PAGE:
In the wake of the Supreme Court’s Citizen United ruling, Democrats in Congress are looking for legislative throttles that will help control the flow of corporate and union cash into the 2010 midterm elections.
The sticking point for any legislation of any kind is the Senate, where united Republicans can stop debate when they so desire. According to The Hill, the Senate sponsor of the bill – Chuck Schumer (D-NY) – says he was unable to get a Republican to co-sponsor, but that there are many who have told him that they are “favorably disposed” to support it. The Hill says at least two Republicans in the House, Mike Castle (R-DE) and Walter Jones (R-NC), have indicated support.
It would provide for stand-by-your-ad statements from executives on companies running them, limit advertising by companies doing business with the federal government and would also limit companies with a certain percentage of foreign ownership.
President Barack Obama signaled strong support for the measure, issuing the following statement: “I welcome the introduction of this strong bi-partisan legislation to control the flood of special interest money into America’s elections. Powerful special interests and their lobbyists should not be able to drown out the voices of the American people. Yet they work ceaselessly toward that goal: they claim the protection of the Constitution in extending this power, and they exploit every loophole in the law to escape limits on their activities. The legislation introduced today would establish the toughest-ever disclosure requirements for election-related spending by big oil corporations, Wall Street and other special interests, so the American people can follow the money and see clearly which special interests are funding political campaign activity and trying to buy representation in our government. I have long believed that sunlight is the best disinfectant, and this legislation will shine an unprecedented light on corporate spending in political campaigns. This bill will also prohibit foreign entities from manipulating the outcomes of American elections and help close other special interest loopholes. I hope that Congress will give this legislation the swift consideration it deserves, which is especially urgent now in the aftermath of the Supreme Court’s Citizens United decision. Passing the legislation is a critical step in restoring our government to its rightful owners: the American people.”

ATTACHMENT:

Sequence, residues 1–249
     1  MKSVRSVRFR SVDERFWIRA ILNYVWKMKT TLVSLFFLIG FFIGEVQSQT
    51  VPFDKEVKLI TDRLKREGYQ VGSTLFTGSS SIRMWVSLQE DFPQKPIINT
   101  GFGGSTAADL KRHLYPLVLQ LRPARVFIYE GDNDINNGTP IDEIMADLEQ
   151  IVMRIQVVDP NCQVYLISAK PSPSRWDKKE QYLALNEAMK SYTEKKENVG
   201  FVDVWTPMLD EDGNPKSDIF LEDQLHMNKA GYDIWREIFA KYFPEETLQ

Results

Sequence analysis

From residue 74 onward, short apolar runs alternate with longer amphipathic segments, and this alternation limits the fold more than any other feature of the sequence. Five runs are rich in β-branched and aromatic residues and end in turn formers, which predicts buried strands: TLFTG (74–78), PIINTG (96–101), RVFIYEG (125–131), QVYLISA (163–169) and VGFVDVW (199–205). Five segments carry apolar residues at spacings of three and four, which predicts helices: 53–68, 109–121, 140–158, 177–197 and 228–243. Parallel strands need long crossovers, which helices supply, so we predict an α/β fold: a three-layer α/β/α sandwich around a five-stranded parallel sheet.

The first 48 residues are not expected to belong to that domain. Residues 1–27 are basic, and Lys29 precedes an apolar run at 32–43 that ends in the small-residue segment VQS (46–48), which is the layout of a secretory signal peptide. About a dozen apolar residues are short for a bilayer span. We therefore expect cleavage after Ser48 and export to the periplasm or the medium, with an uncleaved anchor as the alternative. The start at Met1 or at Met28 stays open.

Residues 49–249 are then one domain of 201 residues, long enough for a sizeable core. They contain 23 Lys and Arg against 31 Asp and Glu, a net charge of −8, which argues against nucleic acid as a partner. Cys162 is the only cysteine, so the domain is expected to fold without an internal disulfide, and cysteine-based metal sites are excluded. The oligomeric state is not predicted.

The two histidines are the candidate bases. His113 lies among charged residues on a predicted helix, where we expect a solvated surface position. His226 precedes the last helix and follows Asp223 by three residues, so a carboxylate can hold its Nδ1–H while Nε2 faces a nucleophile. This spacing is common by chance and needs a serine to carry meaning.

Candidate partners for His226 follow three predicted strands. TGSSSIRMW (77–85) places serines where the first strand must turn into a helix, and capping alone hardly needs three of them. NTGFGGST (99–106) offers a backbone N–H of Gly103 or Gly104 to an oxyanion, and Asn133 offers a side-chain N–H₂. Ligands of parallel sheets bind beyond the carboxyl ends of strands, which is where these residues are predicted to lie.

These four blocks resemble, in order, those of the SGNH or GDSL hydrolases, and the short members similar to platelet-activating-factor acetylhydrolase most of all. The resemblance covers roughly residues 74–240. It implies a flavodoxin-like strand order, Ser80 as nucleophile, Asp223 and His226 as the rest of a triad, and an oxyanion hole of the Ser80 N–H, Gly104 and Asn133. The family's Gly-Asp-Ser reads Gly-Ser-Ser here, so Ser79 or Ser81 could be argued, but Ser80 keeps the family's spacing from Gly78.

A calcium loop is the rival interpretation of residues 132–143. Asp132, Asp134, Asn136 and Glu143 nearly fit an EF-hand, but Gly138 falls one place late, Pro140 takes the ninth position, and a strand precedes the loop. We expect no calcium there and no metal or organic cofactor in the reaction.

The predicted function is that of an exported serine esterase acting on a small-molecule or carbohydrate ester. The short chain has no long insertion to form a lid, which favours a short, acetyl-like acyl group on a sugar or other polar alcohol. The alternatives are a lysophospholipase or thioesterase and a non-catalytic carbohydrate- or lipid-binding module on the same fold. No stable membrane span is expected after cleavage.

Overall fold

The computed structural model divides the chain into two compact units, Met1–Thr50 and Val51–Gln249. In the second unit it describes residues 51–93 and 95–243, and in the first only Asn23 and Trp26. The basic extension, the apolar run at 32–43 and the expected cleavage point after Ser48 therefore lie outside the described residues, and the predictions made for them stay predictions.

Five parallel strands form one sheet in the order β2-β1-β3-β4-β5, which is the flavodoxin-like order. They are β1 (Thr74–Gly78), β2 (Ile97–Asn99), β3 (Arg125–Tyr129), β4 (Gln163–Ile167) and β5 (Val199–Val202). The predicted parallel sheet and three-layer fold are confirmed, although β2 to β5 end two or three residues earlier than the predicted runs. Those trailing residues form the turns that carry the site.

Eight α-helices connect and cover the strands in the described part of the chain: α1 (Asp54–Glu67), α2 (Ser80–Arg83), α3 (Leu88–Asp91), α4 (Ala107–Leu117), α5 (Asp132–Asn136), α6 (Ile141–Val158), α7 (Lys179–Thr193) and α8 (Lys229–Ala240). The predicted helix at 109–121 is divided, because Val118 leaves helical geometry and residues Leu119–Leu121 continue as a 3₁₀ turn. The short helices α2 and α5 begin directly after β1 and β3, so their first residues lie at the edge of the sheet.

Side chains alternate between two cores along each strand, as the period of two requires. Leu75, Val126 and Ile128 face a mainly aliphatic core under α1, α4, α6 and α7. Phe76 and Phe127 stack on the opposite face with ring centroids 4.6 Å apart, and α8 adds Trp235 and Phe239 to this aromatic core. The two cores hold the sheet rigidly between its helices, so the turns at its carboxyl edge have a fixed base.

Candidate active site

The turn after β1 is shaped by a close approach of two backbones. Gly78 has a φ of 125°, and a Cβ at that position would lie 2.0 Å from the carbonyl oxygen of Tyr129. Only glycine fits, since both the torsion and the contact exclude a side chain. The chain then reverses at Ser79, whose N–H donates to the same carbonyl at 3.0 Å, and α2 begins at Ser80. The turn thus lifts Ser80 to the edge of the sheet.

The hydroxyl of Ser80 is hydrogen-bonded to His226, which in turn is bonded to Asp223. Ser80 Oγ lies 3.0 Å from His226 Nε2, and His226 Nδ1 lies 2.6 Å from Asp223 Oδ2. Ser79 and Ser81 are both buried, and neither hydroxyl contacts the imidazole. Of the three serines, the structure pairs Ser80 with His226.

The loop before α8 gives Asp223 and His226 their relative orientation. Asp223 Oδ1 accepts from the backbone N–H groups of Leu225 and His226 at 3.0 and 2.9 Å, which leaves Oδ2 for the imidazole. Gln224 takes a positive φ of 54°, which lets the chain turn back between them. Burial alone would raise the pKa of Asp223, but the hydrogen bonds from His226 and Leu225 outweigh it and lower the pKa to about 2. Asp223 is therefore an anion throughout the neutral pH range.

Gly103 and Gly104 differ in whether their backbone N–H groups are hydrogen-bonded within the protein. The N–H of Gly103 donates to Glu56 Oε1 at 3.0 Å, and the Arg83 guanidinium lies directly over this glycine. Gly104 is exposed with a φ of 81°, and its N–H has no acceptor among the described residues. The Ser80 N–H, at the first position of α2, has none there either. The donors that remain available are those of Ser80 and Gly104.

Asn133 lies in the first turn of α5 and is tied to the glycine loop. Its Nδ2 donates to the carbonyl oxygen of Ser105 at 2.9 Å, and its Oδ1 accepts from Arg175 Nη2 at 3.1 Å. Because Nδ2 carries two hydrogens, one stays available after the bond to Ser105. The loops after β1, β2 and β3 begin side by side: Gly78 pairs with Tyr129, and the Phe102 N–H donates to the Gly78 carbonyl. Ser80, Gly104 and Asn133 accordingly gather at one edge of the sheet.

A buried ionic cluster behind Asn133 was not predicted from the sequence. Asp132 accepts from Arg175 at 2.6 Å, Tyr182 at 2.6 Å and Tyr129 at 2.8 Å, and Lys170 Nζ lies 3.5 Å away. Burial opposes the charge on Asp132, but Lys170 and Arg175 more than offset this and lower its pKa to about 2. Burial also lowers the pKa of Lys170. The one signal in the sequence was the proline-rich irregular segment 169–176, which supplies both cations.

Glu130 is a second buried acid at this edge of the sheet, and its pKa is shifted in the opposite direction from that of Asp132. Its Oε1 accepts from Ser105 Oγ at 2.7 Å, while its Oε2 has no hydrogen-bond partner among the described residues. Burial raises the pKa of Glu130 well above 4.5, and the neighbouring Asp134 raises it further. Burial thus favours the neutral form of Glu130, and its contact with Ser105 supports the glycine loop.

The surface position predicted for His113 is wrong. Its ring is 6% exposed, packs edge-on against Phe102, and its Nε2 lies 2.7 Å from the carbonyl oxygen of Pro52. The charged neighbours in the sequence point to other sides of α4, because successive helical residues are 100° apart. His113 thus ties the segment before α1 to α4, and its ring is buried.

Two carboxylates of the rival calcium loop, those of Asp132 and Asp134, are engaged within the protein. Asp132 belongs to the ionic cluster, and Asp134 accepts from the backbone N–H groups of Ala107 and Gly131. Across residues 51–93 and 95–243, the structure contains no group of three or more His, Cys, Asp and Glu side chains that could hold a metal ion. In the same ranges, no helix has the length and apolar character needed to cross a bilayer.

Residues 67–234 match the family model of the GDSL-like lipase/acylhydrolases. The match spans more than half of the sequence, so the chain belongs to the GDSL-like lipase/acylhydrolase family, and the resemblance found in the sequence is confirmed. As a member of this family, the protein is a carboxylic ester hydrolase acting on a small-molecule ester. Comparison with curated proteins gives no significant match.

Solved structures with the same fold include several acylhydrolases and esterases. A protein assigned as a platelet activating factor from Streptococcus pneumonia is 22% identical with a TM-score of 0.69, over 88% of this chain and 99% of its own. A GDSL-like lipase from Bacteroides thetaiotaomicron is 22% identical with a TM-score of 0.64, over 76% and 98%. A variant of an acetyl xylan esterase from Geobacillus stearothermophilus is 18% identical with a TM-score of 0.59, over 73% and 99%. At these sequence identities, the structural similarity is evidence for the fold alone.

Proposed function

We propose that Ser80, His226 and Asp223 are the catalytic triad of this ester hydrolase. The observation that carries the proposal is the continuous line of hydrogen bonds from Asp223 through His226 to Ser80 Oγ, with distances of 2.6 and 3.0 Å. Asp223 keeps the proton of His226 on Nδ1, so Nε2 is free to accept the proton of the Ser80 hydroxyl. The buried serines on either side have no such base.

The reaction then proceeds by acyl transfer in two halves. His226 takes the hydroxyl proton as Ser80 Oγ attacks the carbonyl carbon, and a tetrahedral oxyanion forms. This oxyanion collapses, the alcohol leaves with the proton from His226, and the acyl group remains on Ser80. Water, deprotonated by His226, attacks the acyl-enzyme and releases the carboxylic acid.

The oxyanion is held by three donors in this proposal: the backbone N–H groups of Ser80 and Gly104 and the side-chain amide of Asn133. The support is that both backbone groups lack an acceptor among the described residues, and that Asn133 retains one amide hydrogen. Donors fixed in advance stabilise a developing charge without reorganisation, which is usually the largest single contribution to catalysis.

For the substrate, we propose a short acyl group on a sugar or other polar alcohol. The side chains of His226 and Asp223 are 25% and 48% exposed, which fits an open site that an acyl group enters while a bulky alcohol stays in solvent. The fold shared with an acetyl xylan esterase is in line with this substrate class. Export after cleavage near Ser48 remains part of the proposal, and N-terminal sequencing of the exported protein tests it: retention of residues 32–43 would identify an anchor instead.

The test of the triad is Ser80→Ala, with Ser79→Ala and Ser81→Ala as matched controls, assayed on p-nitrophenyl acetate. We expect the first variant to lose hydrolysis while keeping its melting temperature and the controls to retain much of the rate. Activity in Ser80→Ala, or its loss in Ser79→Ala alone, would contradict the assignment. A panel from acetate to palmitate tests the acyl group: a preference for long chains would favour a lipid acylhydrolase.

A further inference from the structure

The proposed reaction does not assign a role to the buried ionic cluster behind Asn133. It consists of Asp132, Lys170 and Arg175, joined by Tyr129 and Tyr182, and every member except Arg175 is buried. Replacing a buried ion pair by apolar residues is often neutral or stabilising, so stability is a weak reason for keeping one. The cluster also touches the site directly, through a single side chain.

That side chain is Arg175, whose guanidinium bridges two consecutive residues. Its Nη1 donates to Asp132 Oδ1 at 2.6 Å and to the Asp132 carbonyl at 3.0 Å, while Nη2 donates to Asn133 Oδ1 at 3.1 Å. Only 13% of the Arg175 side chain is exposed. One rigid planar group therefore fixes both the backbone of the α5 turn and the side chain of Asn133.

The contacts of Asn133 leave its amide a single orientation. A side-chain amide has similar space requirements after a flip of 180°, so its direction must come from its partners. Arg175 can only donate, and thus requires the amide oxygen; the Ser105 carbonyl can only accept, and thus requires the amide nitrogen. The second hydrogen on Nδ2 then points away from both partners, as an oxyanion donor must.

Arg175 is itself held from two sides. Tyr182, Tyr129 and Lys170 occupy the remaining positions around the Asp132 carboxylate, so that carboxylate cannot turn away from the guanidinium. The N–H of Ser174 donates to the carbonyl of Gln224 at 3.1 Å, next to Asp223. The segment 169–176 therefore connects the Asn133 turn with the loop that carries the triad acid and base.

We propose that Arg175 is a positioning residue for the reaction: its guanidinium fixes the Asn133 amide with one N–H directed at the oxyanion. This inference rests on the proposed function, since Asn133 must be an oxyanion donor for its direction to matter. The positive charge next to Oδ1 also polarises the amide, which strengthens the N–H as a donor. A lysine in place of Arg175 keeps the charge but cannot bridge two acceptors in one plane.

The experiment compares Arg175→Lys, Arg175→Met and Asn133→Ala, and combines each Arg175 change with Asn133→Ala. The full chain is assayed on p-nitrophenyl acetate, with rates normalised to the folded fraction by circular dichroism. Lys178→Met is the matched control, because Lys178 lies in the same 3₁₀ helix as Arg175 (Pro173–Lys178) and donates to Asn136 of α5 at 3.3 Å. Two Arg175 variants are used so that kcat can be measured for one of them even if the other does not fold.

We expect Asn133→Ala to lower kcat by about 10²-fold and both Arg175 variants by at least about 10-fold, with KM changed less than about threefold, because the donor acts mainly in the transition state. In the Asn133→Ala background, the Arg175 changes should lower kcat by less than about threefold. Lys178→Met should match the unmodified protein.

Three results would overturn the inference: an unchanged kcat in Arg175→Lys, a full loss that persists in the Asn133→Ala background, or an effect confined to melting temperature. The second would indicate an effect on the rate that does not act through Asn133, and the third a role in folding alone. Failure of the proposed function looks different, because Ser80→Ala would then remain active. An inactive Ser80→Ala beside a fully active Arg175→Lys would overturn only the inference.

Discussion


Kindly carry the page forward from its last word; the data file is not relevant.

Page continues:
RBR-TVBR observation: Democrats may get this together by mid-summer. The question is what Senate Republicans will do about it. Will they go into their now almost-standard filibuster mode? If so, will Democrats be able to move them into floor debate as they did with Wall Street reform? Will it make any real difference anyway? Stay tuned.